• A culture that no longer functions according to the income-generating model of private economics but participates in a cocreative process of production.
  • A biology that understands organisms not only as ecosystem-service providers and molecular toolboxes but also as creative subjects, and which sees humans as a metabolic part of a biosphere enmeshed with life and feeling.
  • An education that teaches an Art of Living and Connection; that does not follow only a standard of abstract knowledge, functionalistic technology, and “dead world” thought; that reduces valuations and judgements.
  • A policy that understands regional administrative entities as self-organizing commons and does not follow rules of universal abstraction and selfish market interests.
  • A shared livelihood with other beings in line with the South American creation ethos of “Buen Vivir“ or the idea of “Conviviality“ by Caillé et al., that is, a solidarity of existence with all beings.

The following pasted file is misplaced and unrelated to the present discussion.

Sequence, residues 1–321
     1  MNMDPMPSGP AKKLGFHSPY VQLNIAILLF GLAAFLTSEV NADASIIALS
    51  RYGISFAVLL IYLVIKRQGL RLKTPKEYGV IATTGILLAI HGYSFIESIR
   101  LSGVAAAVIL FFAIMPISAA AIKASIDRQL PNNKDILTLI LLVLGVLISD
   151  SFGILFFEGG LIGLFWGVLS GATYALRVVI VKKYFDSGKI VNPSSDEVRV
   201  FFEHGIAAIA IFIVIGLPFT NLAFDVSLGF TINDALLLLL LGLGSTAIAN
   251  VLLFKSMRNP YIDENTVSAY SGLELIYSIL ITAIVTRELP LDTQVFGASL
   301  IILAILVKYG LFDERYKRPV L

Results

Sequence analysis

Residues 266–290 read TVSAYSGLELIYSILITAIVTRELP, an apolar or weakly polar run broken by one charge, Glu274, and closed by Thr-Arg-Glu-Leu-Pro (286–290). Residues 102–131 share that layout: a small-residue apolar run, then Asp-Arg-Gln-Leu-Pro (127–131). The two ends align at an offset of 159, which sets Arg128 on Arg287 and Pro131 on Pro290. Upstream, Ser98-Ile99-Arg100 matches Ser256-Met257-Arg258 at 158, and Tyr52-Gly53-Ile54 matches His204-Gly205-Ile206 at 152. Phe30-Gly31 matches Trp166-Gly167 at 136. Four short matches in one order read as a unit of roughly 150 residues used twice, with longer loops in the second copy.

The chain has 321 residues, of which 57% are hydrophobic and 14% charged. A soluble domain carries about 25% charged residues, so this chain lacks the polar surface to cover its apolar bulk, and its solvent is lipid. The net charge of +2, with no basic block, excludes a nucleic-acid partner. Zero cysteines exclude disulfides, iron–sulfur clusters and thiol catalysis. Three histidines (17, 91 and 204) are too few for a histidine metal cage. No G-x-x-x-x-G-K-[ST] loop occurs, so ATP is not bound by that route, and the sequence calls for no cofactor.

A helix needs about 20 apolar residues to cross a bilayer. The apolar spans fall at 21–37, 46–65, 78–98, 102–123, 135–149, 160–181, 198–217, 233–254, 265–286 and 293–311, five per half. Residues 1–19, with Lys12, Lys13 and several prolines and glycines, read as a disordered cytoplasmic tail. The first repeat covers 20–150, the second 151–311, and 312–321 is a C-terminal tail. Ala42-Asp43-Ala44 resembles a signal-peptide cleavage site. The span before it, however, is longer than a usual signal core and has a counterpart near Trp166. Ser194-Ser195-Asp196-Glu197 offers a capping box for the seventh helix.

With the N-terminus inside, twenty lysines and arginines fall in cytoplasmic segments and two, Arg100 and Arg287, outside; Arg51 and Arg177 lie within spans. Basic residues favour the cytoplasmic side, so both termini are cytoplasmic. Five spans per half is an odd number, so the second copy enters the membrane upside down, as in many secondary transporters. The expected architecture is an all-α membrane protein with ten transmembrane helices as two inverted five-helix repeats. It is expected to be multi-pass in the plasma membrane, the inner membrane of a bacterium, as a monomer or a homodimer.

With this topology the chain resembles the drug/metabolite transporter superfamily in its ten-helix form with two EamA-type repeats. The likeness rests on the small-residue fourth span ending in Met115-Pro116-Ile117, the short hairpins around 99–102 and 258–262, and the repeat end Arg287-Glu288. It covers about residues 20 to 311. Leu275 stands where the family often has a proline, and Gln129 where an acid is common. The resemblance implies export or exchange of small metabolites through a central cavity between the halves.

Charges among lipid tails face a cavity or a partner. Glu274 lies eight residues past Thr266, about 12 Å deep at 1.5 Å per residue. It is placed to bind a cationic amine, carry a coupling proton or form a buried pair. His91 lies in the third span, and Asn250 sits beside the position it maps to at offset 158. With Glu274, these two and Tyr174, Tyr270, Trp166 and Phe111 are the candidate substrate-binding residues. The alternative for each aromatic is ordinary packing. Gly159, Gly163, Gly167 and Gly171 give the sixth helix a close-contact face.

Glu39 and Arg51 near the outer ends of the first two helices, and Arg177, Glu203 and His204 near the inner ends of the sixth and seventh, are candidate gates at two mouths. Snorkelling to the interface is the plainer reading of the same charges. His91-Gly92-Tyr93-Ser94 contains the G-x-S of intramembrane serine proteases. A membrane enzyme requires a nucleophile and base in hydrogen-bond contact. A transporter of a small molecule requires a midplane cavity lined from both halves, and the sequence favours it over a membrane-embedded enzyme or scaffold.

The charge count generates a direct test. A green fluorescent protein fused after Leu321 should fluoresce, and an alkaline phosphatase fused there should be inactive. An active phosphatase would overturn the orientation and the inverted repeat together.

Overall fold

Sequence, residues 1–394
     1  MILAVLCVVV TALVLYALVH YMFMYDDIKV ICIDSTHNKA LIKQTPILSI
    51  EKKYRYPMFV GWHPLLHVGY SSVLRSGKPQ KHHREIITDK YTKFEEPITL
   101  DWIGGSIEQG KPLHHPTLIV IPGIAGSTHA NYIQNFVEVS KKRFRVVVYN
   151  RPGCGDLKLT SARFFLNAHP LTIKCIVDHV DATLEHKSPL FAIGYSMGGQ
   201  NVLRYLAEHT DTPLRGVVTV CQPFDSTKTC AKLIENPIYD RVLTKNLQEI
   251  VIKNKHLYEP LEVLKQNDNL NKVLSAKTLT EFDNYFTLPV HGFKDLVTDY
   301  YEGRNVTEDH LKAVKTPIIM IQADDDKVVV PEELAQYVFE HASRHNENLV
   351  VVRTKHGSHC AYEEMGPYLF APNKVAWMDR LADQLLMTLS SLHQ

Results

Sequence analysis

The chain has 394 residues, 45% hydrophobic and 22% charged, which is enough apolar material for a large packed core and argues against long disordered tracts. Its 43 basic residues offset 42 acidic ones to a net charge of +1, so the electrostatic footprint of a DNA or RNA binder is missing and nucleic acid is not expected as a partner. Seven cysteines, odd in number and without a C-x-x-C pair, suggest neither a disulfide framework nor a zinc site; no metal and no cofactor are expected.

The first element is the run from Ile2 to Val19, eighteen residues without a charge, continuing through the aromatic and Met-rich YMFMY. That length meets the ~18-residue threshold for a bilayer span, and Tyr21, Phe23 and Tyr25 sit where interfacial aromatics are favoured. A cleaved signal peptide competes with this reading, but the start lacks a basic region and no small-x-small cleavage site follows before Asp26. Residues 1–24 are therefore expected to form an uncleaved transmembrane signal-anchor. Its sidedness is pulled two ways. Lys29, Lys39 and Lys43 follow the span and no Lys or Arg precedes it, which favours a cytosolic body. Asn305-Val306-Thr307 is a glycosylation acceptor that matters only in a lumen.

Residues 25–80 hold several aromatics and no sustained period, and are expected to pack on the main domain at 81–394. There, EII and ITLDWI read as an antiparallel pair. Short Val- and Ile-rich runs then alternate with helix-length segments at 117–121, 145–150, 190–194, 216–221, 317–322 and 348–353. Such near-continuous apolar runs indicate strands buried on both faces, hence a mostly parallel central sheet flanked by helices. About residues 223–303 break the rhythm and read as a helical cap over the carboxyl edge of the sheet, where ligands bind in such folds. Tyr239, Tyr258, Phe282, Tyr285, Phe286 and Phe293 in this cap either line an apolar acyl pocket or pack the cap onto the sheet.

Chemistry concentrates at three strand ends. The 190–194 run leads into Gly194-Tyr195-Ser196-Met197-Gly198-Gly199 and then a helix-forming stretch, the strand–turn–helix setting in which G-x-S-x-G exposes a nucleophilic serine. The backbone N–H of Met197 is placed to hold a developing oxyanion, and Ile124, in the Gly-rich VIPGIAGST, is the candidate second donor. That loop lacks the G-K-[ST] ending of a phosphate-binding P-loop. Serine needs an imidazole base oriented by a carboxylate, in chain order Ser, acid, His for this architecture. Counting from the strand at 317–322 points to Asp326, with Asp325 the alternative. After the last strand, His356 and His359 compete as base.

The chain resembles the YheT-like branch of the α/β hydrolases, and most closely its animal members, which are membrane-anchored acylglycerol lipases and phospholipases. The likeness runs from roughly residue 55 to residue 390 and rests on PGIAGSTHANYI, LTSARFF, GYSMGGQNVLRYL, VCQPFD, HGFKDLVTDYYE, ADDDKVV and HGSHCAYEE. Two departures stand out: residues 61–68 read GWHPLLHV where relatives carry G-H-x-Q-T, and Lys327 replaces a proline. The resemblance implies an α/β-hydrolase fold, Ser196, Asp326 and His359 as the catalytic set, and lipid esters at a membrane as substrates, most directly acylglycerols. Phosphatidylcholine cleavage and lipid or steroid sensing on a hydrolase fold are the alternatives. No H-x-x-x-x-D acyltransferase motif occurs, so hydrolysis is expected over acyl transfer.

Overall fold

• A regenerative transformation of the fractures and contradictions inherent in any connection, creation, and in life itself, in line with a bravery of being and an imaginative practice of aliveness with “manners, grace and style” (Gary Snyder).

A policy of life makes explicit what implicitly keeps us alive while actively nourishing it. It is pluralistic, dialogical, and mediating. It understands reality as a commons in which all beings co-creatively partake. It assumes responsibility for reality and supports us on the way to ourselves, acknowledging that this way is never achieved and can only be laid down by walking. Only when our new loyalty with everything alive becomes our cultural desire, the Anthropocene will truly merit the name of the “time of humankind.”


Image Removed

Every living organism has a rhythm and a connection to the greater world around it. Photo credit: UnderClassRising